Comprised of a smattering of new music and selected singles and outtakes, Islands was never intended to be a canonical album by the Band. They were simply trying to finish off a contract for Capitol Records, so that the long-gestating The Last Waltz could be released on Warner Bros. Back then, the story was that the Band was simply retiring from the road, not from music making.
In that way, Islands should have been directly compared with compilations like Traffic’s Last Exit or the Who’s Odds and Sods. Still, not only had the Band set a standard of long-playing excellence, they were coming off a turnaround studio effort in Northern Lights-Southern Cross that seemed to point in a new creative direction.
Plainly, it didn’t — leaving the aptly named Islands to stand as a crooked and unkempt tombstone for the Band’s original incarnation. As such, the project has taken its share of critical drubbings over the years, from disappointed critics and fans alike. But, it’s not without its smaller, more dilated charms, and the set-closing “Livin’ in the Dream” is certainly one of them.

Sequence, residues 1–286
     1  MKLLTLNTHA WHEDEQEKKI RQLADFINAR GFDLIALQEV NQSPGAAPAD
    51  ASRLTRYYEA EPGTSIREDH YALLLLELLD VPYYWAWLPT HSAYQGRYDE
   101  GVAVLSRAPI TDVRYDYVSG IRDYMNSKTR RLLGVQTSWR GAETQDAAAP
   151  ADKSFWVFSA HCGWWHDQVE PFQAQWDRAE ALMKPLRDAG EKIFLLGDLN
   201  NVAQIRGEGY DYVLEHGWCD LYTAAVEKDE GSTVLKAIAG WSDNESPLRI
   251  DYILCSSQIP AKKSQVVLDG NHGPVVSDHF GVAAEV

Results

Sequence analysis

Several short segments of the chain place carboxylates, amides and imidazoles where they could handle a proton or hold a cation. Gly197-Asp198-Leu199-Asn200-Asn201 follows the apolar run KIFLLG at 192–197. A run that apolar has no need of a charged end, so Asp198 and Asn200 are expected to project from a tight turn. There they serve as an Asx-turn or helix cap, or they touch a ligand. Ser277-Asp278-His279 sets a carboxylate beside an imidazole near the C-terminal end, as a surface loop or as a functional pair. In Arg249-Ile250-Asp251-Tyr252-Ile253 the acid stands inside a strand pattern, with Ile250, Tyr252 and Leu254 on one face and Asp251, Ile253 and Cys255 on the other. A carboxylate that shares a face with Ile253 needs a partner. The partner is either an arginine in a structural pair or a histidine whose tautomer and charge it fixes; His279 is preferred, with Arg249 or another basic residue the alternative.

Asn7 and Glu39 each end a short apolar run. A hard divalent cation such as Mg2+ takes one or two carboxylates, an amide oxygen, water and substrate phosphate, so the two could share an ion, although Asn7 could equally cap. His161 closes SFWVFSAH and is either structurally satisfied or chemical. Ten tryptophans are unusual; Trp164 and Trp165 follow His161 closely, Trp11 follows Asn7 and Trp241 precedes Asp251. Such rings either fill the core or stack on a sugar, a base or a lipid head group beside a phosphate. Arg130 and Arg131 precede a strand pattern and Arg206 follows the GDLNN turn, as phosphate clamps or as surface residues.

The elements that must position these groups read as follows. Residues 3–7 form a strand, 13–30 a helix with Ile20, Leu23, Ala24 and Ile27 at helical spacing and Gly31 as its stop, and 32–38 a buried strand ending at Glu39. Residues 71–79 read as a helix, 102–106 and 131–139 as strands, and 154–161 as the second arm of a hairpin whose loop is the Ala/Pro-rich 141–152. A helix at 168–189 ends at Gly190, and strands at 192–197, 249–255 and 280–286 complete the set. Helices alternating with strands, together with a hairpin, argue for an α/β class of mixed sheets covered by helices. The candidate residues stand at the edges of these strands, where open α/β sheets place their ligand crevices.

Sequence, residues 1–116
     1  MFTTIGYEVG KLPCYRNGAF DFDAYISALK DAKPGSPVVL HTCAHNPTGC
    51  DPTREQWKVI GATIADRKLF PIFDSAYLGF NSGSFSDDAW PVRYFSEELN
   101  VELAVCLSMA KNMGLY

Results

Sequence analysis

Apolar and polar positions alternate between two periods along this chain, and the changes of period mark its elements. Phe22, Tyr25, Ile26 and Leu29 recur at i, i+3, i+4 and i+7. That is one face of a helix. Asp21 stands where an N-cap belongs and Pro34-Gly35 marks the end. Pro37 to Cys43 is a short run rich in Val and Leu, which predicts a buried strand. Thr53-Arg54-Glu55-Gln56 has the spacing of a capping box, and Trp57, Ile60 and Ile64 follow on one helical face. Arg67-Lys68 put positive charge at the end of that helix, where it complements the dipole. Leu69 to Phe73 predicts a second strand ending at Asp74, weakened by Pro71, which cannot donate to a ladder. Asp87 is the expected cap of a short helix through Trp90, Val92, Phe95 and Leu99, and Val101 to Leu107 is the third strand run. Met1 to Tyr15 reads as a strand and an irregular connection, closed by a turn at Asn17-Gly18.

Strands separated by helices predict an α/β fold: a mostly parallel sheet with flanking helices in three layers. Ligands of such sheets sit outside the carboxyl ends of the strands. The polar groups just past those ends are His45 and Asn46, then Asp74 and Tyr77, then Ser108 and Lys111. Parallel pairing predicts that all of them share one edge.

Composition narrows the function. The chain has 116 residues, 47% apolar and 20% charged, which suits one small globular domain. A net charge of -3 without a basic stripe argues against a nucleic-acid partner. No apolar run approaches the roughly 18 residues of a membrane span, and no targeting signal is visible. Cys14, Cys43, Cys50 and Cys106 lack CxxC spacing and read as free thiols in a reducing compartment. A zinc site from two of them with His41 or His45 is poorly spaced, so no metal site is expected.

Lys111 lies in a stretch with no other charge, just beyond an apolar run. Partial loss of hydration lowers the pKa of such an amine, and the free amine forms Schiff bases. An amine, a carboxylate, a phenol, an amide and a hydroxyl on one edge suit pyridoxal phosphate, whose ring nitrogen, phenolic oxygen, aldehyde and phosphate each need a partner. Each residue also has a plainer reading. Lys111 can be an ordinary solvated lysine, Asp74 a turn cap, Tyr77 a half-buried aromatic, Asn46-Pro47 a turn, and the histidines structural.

This lightly grooved, calliope-paced aside plays to Levon Helm’s many strengths, from its impish cadence to its scamp’s checklist of big dreams and even bigger flirts. In that way, “Livin’ in a Dream” reaffirms much of what made the Band so reliably involving, even if it never quite succeeds in making you forget those earlier triumphs. There’s Rick Danko’s keening background vocals, Garth Hudson’s carnival of musical delights (including the trusty Lowrey, but also a hootenanny accordion then a boldly redemptive alto) and Robbie Robertson’s sly curlicue riffs. Taken apart from history, they couldn’t sound less like components for the desperately sad finale that this came to be.
But, it is, of course — and that can’t help but color how we hear all of it. A sense of dark-hued, end-of-summer finality envelops everything about Islands in general — and “Livin’ in a Dream” in particular, until the very title itself feels bitterly ironic. Then there’s the happy-go-lucky whistle that closes out this song. Knowing what we know now, it may be one of the most desperately lonesome sounds the Band ever put to tape.
Solo albums would, of course, follow for both Danko and then Helm later in 1977. But something is lost forever, as the last song on the last studio album by the five-man edition of the Band comes to a close. If, in fact, we’d been living in a dream, that dream was over.